Consumers may arrive at your site through marketing advertisements and want to make a purchase without the hassle of creating an account. Offering a guest checkout option can streamline the process and make it easier for shoppers to complete their purchases. If you want to encourage users to sign up for your platform, you can offer incentives after the purchase. Streamlining the sign-up process, such as by using a passwordless checkout system like OwnID, can also help to increase conversions. Ultimately, providing a smooth and convenient checkout experience benefits both customers and businesses.
Optimizing the Checkout Process
Optimizing the checkout process continues beyond upgrading your website uptime and availability this holiday season. Fixing laggy, slow, or buggy pages can give shoppers more confidence in your service.
Identifying and addressing bottlenecks in the checkout process can be crucial for increasing conversions. Using analytics tools to track user behavior and identify points in the conversion funnel where shoppers are dropping off can help you understand the reasons for cart abandonment. For example, you may find that shoppers from certain countries are abandoning their carts due to payment restrictions or unavailable shipping options. By analyzing this data, you can identify areas where you need to add more payment methods or adjust your shipping options to improve the checkout experience.
Once you’ve integrated the analytics tool, roll out the new designs and test your hypothesis using A/B testing.
How can you make retargeting ads successful? Start by segmenting your audience based on their purchase behavior before sending out retargeted upselling and cross-selling ads. Besides giving you a better understanding of customers, this ensures that your resources are efficiently utilized.
Using Passwordless Authentication vs. Mandatory Account Creation
Creating an account and getting a password can sometimes be a hassle and demanding effort. Remember, you want shoppers in that "shopping high" mood. Thus, you must simplify the account creation process by offering shoppers simple and secure signup options like passwordless authentication.
You may be wondering about the security of passwordless authentication. Passwordless authentication refers to methods of authentication that do not require a text-based password, such as one-time passcodes, fingerprint scans, or facial recognition. Implementing passwordless authentication can streamline the sign-up and sign-in processes and reduce the risk of weak passwords. For shoppers, the process of creating an account and remembering yet another password can be cumbersome and may discourage them from completing their purchases. By using passwordless authentication, you can eliminate this barrier and make the checkout process faster and more convenient for customers.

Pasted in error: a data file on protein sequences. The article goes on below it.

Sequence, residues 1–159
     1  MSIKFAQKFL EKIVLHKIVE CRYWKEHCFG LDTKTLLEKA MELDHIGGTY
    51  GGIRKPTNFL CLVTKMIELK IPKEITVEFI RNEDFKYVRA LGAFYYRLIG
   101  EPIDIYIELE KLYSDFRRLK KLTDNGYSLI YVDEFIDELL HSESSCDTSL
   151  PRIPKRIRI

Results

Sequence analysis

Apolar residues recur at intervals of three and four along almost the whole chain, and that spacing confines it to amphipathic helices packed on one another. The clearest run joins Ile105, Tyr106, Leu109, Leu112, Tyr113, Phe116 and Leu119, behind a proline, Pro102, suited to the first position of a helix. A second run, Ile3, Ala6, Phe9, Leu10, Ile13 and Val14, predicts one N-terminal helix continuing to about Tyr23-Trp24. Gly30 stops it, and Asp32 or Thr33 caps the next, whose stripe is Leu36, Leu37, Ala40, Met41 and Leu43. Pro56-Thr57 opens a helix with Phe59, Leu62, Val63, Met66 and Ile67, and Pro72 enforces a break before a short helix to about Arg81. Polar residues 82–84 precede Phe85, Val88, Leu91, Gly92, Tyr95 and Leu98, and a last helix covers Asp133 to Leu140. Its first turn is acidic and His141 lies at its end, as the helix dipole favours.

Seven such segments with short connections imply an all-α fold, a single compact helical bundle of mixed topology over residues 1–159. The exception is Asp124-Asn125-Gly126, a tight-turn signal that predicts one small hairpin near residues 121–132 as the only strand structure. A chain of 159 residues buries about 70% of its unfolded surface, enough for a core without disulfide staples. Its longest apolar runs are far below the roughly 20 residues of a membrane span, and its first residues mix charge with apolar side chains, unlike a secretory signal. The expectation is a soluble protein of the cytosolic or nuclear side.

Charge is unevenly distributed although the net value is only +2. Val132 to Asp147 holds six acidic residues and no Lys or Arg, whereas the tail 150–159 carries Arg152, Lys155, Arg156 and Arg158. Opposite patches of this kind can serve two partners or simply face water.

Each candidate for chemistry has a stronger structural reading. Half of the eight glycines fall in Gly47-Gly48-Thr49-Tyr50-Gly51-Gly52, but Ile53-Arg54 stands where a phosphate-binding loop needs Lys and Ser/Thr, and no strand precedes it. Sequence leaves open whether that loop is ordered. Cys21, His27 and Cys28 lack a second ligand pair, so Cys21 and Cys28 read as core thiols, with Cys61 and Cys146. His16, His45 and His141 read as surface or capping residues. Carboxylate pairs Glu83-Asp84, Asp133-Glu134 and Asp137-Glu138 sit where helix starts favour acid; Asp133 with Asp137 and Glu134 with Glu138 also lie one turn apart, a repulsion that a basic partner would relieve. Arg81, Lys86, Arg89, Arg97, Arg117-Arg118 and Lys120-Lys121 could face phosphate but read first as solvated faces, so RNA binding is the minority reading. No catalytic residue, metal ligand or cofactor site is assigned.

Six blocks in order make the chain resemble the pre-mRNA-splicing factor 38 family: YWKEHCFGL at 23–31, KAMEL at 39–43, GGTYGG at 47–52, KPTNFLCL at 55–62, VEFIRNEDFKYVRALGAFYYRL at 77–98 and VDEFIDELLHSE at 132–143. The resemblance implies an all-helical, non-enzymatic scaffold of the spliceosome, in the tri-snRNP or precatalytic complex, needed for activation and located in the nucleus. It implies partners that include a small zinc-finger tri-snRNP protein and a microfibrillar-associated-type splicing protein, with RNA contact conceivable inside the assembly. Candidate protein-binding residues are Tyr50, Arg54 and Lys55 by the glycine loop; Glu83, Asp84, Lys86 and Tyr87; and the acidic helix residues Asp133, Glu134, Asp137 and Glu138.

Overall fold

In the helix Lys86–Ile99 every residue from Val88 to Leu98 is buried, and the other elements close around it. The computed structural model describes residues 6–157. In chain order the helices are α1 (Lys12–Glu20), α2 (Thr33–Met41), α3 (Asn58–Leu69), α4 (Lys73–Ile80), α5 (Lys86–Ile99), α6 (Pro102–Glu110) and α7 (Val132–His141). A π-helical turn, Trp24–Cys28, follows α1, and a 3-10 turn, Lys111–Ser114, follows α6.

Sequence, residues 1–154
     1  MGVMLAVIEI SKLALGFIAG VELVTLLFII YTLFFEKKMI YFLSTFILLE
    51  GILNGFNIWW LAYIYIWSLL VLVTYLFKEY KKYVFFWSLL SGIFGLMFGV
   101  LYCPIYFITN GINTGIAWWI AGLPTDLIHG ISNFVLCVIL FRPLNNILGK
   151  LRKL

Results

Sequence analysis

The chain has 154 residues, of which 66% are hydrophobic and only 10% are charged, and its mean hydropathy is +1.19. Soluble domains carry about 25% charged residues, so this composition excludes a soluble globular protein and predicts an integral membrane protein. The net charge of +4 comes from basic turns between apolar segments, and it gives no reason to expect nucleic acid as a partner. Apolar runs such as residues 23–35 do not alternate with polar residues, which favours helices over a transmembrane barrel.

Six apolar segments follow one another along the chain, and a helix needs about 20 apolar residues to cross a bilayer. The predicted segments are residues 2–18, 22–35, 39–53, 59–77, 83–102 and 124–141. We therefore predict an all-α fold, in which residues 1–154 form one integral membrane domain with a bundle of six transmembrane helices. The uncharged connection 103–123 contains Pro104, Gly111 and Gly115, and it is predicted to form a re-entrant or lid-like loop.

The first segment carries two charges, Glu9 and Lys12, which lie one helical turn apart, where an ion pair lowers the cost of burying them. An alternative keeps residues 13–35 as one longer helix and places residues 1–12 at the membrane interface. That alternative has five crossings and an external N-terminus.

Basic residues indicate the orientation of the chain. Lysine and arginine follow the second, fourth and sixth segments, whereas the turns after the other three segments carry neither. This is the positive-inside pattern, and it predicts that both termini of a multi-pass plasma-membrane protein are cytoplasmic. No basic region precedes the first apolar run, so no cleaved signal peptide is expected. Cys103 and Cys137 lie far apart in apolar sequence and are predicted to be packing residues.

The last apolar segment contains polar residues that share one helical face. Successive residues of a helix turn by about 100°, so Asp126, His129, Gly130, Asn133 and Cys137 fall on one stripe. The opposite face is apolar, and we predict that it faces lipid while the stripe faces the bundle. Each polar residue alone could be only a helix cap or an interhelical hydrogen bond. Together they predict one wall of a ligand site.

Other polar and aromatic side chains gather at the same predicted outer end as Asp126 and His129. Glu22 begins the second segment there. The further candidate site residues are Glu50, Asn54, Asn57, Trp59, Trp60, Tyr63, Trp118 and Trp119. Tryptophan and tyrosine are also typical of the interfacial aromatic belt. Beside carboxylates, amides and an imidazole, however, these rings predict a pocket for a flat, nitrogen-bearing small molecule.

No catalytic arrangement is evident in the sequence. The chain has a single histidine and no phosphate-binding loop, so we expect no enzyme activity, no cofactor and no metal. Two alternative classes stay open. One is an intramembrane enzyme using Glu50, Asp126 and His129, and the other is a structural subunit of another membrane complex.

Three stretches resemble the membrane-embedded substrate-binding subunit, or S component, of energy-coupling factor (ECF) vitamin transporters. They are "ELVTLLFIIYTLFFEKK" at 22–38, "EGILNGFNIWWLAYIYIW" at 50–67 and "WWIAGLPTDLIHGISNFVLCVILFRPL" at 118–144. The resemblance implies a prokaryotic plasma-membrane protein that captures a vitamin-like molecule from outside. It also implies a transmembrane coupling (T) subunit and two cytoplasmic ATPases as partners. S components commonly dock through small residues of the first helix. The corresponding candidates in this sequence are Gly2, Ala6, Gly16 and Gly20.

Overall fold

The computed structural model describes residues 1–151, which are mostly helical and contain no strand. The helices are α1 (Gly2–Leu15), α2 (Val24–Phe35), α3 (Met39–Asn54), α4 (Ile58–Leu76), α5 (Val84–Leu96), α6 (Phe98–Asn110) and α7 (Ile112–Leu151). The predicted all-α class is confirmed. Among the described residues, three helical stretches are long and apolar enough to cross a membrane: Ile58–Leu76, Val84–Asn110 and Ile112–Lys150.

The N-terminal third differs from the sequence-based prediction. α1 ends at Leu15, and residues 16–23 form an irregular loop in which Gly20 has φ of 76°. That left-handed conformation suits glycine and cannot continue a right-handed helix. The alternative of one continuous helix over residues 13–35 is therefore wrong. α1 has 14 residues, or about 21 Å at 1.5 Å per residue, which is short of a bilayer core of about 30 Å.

Email Follow Up
It’s great to have an abandoned cart email campaign that reinvites shoppers back to their cart in a friendly way. You can send this email periodically to let the shopper know they have an open cart or offer new deals they would find interesting.
What should you add to an abandoned cart email? It’s always best to be personal. Use the shopper's first name and sign the email yourself. Also, include what's in their cart with the relevant clickable URLs.
Best Practices for Crafting a Successful Abandoned Cart Email
There are no standard rules when drafting your abandoned cart emails. However, you need to follow a few best practices to guarantee clicks and get shoppers back to that cart:
- Timing is important. The best time to send that email is a few hours after abandonment. This first email should be less about marketing and more aimed at resolving any issues they might have encountered. Follow it up with two to four other emails one day and three days after abandonment. You should, however, refrain from spamming the shopper.
- Your subject line should be interesting enough to get people to open the email. Something with humor, customer-focused incentives, or a FOMO (“fear of missing out”) motive does the trick.
- Make an offer with customer incentives like free shipping or a discount code. However, while you’re at it, try to maintain your profit margins.
- Reinforce your key selling points by adding a catchy CTA with concise and compelling copy.
- Re-engage customers with positive reviews.
Reducing abandoned carts is an ongoing challenge for businesses, but there are strategies you can use to minimize these occurrences. Email follow-up and passwordless authentication are two approaches that can be effective in reducing abandoned carts. A/B split testing can also help you determine which strategies are most effective for your business. By regularly testing and refining your approach, you can take steps to reduce abandoned carts and increase conversions for your business.
You can put these strategies and features into practice by implementing passwordless authentication with OwnID on your checkout and login pages.
This post was written by Ifeanyi Benedict Iheagwara. Ifeanyi is a data analyst and Power Platform developer who is passionate about technical writing, contributing to open source organizations, and building communities. Ifeanyi writes about machine learning, data science, and DevOps, and enjoys contributing to open-source projects and the global ecosystem in any capacity.